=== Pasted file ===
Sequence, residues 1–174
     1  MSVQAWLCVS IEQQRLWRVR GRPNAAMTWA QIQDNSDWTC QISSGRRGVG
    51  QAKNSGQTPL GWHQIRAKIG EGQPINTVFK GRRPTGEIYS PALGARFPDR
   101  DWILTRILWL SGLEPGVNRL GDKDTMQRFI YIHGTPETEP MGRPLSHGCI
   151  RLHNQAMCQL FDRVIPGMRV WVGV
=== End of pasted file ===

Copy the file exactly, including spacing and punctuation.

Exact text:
Sequence, residues 1–174
     1  MSVQAWLCVS IEQQRLWRVR GRPNAAMTWA QIQDNSDWTC QISSGRRGVG
    51  QAKNSGQTPL GWHQIRAKIG EGQPINTVFK GRRPTGEIYS PALGARFPDR
   101  DWILTRILWL SGLEPGVNRL GDKDTMQRFI YIHGTPETEP MGRPLSHGCI
   151  RLHNQAMCQL FDRVIPGMRV WVGV